Do I Have any Legal Recourse if My Tattoo Becomes Infected?
By on July 31, 2015
Individuals have the right to sue others for injuries they sustain that were a result of wrongdoing. In Montana, civil actions for money damages can arise due to injury to one's person. Liability can be found against a service provider, such as a tattoo shop, due to a failure to exercise ordinary care. The failure to exercise ordinary care is otherwise known in legal settings as "negligence".
In Montana, tattoo shops are licensed and regulated by state law. The purpose of the law is to protect public health. Further, administrative regulations prescribe various standards to be met by tattoo shops, such as single use of utensils, sterilization of equipment, and cleanliness of the room in which tattoos are applied. Deviation from the standards by employees of the shops resulting in injury to a patron could support a claim of negligence.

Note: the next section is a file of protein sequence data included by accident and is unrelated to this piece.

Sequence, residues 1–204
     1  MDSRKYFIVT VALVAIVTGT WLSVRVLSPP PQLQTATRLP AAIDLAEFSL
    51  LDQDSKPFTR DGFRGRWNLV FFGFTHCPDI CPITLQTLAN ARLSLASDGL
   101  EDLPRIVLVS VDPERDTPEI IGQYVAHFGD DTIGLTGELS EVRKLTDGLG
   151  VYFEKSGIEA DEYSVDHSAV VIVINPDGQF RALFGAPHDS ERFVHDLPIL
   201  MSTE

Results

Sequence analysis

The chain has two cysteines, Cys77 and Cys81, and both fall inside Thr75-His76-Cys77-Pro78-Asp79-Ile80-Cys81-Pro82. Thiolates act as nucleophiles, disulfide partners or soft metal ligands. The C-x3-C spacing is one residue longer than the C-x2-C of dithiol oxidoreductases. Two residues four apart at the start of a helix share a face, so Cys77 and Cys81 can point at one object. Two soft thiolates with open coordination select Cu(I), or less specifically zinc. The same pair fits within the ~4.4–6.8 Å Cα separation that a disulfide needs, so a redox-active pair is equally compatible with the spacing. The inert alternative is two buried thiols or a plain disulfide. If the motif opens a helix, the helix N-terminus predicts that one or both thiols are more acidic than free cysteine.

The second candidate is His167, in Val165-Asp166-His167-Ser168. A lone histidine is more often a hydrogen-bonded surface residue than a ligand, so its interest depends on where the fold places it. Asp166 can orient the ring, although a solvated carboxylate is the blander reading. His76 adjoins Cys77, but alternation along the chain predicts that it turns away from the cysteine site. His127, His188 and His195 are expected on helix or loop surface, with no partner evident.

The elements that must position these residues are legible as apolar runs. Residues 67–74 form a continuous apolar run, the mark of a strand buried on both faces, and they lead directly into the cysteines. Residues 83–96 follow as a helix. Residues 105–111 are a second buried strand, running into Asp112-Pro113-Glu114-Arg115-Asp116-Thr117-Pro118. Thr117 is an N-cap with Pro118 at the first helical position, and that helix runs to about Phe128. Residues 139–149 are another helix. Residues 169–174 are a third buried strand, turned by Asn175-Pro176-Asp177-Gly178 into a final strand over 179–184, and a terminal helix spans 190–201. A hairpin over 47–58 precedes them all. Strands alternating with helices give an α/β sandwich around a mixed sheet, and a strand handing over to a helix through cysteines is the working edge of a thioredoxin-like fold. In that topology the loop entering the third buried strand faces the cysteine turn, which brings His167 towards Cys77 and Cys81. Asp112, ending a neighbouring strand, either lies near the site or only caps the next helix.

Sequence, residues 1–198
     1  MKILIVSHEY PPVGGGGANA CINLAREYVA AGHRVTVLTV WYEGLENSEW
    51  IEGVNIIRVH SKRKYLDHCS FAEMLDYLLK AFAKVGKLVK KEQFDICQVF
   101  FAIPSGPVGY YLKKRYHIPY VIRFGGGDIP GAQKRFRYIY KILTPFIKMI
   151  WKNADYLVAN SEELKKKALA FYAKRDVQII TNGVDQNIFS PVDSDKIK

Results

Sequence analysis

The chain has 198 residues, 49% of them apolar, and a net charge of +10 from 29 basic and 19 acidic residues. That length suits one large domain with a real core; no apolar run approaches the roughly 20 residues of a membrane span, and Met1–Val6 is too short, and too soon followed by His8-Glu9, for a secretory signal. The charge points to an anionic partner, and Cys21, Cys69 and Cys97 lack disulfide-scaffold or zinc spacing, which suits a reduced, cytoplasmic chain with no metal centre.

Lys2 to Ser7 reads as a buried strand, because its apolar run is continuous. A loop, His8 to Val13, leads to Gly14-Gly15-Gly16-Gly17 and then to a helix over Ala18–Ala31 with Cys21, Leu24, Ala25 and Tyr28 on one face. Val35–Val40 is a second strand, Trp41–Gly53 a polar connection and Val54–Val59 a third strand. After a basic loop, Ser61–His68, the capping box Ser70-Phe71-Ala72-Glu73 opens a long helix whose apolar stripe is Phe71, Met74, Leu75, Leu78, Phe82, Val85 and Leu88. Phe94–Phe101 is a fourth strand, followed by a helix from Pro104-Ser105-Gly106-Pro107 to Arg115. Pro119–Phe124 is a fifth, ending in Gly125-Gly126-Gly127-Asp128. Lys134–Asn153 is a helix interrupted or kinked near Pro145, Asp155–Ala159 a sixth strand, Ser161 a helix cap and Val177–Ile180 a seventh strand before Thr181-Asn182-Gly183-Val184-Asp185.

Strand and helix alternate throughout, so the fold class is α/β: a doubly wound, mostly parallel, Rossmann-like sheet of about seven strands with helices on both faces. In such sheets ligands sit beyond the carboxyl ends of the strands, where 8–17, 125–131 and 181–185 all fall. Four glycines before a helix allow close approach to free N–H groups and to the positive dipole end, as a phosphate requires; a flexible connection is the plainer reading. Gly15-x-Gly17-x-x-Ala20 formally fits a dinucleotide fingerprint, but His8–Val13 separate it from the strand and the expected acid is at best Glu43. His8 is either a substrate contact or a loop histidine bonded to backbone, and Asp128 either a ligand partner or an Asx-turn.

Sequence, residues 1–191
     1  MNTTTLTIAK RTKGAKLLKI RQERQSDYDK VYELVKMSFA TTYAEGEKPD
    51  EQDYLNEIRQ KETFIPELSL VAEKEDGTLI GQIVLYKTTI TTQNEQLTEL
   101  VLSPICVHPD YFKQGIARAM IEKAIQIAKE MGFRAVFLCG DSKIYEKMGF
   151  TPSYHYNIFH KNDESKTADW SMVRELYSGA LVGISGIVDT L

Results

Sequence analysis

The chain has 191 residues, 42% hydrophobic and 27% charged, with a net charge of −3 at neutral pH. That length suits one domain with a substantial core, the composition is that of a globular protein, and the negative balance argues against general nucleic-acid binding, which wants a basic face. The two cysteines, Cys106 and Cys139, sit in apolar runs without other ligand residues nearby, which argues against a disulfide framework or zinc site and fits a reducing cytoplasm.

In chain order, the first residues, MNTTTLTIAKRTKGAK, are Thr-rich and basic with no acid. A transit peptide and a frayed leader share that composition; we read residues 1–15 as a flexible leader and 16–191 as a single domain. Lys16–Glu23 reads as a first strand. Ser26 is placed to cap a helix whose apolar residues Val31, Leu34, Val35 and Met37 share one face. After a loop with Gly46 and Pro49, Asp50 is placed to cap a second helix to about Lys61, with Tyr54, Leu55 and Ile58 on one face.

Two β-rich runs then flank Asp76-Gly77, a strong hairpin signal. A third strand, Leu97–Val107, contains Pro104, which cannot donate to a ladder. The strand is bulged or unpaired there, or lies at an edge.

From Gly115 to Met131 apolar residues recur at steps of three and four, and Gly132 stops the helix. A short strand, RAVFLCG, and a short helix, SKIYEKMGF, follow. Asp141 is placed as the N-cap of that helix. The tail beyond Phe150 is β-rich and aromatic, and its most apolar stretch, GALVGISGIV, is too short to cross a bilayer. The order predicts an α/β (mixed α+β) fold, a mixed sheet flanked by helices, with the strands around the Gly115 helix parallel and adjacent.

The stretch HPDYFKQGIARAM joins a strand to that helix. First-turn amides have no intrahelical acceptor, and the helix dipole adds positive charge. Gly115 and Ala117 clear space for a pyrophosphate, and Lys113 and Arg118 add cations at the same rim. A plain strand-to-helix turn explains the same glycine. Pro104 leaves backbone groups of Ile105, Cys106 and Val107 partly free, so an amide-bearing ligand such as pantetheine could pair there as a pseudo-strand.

An infected tattoo would certainly be an injury to a person, so the questions in a legal proceeding would likely focus on what caused the injury and on what damages were suffered as a result. Medical care expenses, lost wages if unable to work, and pain and suffering are all typical attributes of a physical injury that can be claimed as damages in a lawsuit. Some of the most common causes of tattoo infections are:
- reuse of needles;
- unsanitary conditions in the tattooing area or the tattoo artist personally; and
- ink being tainted with bacteria.
- Hepatitis; and
- Human Immunodeficiency Virus (HIV)
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